Higher organisms are intrinsically asymmetric, and this seems to be important. In humans, partial situs inversus, a medical condition where the body's organs are positioned in a mirror image of normal, is usually an embryonic lethal condition, whereas complete situs inversus often goes undiagnosed until doctors fail to find hearts or appendices in the right place. Simpler organisms may be good places to seek the developmental basis for the decisions that make for asymmetric adults, except that asymmetry may not be immediately obvious.
Richard Poole and Oliver Hobert describe an intriguing example of asymmetry in the simple nematode Caenorhabditis elegans, where every single cell, and its progenitors, is known from the groundbreaking work of Brenner and colleagues. Although the nervous system appears to be symmetrical, some of the neurones within it show functional asymmetry. In particular, there are a pair of gustatory neurones, ASEL (left) and ASER (right) that are morphologically symmetrical and which sense distinct water-soluble molecules. While the paper by Poole and Hobert doesn't address why these neurones are asymmetrical, it does explain how this asymmetry is set up, and it is proven to result from a decision taken in the very early embryo.
The authors wanted to differentiate between two theories: whether the asymmetry is established in the very early embryo, long before the ASEL/ASER pair differentiate, or whether it is a late event that involves communication between the ASEL and ASER neurones themselves. These ideas draw from two rival theories of how bilateral animals develop: either that embryos are intrinsically symmetrical, and that asymmetry is imposed on this symmetrical ground state, or conversely that embryos are intrinsically asymmetric, and that symmetry is an acquired complex trait. How can these theories be tested?
The authors drew on the detailed knowledge of embryonic development in the worm and laser-ablated either the precursor of ASEL or of ASER to establish whether communication between the two neurones was necessary to establish asymmetry. In these organisms, one of the two neurones was completely absent but the other developed normally. So communication between ASEL and ASER was not required for them to differentiate.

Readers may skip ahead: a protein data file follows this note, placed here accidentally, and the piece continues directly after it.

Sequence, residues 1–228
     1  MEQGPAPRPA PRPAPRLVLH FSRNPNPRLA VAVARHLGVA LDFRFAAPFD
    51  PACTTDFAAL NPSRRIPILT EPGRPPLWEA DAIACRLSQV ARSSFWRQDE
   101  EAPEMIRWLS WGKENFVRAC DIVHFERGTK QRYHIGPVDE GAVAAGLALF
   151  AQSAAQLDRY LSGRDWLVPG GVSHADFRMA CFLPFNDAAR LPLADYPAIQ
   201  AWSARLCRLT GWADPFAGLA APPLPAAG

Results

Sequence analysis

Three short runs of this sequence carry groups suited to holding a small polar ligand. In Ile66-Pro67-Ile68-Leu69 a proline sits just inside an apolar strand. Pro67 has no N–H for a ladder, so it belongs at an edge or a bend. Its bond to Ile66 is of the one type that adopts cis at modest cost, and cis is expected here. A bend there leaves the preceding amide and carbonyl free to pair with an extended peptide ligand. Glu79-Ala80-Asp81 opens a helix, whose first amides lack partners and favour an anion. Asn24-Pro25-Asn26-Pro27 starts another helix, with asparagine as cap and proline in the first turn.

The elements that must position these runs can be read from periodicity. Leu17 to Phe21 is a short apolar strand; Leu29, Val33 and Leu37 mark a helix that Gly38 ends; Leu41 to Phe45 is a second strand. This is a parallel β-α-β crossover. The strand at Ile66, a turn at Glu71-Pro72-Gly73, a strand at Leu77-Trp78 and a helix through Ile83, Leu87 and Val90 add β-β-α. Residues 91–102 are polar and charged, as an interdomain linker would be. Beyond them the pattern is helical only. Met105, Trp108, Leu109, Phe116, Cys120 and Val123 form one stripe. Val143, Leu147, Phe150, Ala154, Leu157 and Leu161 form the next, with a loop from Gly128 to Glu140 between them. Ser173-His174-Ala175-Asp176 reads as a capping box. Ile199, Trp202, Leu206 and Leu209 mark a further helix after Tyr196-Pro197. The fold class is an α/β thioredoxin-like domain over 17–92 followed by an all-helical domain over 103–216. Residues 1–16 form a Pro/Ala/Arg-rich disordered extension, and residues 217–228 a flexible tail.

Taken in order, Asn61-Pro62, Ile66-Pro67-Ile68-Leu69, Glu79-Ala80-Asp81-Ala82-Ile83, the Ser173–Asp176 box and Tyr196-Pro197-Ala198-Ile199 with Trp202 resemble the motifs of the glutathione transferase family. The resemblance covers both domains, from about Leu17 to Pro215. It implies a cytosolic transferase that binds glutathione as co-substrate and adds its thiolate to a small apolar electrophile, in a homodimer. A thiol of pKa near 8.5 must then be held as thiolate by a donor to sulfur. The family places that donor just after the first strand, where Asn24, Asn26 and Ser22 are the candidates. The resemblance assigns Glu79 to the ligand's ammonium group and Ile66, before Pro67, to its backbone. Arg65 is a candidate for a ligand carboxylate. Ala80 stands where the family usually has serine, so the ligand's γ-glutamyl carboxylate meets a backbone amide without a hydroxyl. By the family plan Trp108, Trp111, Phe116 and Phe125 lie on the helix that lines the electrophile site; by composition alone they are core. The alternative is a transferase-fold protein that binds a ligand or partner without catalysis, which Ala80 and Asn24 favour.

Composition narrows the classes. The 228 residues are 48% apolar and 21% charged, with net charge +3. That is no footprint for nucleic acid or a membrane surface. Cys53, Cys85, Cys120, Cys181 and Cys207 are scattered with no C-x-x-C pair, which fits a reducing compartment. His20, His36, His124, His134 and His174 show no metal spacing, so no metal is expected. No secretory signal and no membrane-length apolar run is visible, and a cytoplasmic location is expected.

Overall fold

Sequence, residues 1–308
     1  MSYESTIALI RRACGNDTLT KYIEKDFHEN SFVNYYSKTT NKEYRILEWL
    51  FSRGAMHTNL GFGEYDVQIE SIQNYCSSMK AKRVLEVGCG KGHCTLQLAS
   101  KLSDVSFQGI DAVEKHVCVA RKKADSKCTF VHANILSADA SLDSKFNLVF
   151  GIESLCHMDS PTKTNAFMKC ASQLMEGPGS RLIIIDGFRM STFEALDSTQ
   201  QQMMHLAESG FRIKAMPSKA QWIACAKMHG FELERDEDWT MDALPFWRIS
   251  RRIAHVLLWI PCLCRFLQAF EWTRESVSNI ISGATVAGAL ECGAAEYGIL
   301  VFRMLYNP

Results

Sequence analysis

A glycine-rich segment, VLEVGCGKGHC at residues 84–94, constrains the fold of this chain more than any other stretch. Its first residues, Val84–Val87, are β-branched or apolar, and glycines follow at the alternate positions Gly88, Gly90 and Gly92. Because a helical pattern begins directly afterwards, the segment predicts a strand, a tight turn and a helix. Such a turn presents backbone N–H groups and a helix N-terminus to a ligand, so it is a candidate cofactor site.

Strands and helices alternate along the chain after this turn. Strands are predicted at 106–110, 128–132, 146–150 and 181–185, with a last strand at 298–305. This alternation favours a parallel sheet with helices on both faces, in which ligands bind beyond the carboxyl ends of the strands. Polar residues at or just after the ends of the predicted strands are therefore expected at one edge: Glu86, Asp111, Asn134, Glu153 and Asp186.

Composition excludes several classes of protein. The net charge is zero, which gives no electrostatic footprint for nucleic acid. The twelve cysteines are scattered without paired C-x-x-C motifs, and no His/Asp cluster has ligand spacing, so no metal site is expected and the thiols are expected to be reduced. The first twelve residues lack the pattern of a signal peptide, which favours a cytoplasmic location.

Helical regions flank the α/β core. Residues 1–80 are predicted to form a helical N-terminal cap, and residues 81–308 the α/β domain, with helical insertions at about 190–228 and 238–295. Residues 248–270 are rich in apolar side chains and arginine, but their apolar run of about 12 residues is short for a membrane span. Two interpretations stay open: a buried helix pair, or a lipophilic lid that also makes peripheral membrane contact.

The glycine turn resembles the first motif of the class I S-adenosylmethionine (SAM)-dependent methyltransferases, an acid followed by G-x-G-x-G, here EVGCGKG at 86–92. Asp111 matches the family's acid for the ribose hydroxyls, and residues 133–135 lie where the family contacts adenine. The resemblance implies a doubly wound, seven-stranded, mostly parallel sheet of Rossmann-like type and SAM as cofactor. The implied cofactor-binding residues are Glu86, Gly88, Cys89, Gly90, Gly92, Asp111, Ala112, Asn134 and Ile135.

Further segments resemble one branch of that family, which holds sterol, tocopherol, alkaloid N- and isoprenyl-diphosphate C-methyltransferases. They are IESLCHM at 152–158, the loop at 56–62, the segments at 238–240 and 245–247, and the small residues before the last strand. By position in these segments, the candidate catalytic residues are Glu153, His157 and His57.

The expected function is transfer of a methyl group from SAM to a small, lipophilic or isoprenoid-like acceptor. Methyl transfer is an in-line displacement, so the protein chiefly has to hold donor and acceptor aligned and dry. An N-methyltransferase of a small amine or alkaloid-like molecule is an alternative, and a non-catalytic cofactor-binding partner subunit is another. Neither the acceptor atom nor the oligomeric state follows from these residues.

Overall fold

Another possibility is that there is some molecule present in a spatially asymmetric way that cells can sense and so `read' their identity. To test this, the authors looked at mutants of a G-protein alpha (gpa-16),which participates in very early asymmetry decisions in the embryo. In gpa-16 mutants, the intrinsic slight asymmetry of the 6-cell embryo was randomized, as were the ASEL/ASER fates in the developed worms. However,was the randomization of ASEL and ASER fates due to a very early decision at the 6-cell stage, or were the ASEL/ASER cells reading environmental cues much later on? The authors made use of a temperature-sensitive mutant of gp-16. Knocking out gp-16 with higher temperatures after the 6-cell stage only had no impact on ASEL/ASER fate, showing that a decision at the 6-cell stage must be critical.
Further experiments showed that even this early asymmetry depended on the very first cell division of the fertilised egg, in which the anterior/posterior axis is established. Interestingly, the authors implicated Notch as a key player in these early decisions: the Drosophila homologue is a rather famous developmental gene that codes for a membrane receptor that binds several proteins, and interactions between these proteins help cells to decide their cell fates relative to their neighbours. Notch-like genes are found in many organisms, so this led the authors to speculate that their model of intrinsically asymmetric lineages arising from the very earliest stages of the embryo might have a general validity beyond gestation in this simple worm.